In the 1800s, a baron, who is the owner of a castle known as The Devil’s Castle and who is also an obsessed opera fan, keeps the body of his favorite diva preserved in a crypt in the castle. In order to keep away potentially nosy visitors, the baron’s mad-scientist assistant, invents all sorts of spooky phenomena in order to give the castle a creepy reputation.
This example of Lipský’s improbable art is based on one of Jules Verne’s lesser novels, and uses this source material for a loving parody of adventure novel and gothic romance tropes that has just as much fun with its parodic elements as it has with showing off the grotesque inventions of its mad scientist (there’s always a mad scientist). These inventions have a sort of proto-steampunk aesthetic, fusing the industrial with the weirdly aesthetic. Here – of course! – listening devices are shaped like ears and a scientist has replaced his hand with an excellent, brass-gleaming multi-tool.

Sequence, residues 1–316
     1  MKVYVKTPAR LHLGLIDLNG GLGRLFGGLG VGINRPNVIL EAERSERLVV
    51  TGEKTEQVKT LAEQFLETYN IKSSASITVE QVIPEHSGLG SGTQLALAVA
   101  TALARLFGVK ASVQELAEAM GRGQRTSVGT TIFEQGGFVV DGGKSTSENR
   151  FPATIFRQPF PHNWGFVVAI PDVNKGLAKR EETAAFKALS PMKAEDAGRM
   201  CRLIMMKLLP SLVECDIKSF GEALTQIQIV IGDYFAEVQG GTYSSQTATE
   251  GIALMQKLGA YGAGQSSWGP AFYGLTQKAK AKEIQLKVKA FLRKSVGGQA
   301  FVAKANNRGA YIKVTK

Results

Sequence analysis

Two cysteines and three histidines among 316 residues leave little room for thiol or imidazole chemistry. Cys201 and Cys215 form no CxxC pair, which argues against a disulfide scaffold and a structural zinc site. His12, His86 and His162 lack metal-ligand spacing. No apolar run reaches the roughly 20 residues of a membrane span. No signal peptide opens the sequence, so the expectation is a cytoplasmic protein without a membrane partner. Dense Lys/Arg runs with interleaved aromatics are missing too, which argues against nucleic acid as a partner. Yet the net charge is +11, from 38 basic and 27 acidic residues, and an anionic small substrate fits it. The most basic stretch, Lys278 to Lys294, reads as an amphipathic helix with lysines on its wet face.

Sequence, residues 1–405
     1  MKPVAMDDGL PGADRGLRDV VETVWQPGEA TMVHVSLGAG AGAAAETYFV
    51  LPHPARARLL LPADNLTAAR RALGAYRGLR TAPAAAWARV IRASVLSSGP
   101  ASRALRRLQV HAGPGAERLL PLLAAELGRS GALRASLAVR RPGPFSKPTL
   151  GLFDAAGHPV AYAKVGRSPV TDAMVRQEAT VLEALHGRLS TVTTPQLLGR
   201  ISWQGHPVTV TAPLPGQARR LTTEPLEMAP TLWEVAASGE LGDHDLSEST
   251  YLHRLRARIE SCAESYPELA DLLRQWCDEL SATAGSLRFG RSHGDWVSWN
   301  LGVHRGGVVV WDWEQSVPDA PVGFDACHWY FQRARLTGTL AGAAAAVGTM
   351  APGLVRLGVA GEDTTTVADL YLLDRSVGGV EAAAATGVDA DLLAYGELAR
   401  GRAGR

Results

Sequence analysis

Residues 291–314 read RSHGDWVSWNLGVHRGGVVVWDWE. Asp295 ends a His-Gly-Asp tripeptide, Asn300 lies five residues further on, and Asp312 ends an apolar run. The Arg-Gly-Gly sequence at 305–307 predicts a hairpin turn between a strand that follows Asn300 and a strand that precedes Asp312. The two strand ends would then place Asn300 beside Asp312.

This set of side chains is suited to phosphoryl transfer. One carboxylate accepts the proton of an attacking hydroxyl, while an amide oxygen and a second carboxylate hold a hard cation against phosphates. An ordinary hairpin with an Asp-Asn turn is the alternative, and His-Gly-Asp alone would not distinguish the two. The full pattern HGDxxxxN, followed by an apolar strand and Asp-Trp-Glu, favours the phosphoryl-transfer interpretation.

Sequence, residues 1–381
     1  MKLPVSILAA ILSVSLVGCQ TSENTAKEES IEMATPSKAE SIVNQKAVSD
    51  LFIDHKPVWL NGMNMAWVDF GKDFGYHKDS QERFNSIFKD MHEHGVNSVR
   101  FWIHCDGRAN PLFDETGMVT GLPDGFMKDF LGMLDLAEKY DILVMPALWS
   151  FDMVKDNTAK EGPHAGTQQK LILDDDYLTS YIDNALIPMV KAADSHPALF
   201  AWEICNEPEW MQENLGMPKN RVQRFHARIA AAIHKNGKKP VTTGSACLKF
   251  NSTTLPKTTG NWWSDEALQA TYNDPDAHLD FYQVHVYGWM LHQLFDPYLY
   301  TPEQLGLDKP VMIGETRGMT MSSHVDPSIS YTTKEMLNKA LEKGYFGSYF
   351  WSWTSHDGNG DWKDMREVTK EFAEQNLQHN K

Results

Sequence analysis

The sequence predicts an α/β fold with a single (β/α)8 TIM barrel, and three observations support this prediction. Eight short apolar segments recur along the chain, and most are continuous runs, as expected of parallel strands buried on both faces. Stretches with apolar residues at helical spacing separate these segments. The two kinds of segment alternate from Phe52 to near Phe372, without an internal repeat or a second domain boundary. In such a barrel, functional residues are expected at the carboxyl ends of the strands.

If the film weren’t told in the tone of a farce, it would actually be a macabre story about two men who can’t cope with the death of a beloved woman and do immoral things to keep her with them in what has clear hints of necrophilia; as it stands, it’s a very funny film that contains mad science, death, destruction and (in good Vernesian tradition) many a funny beard.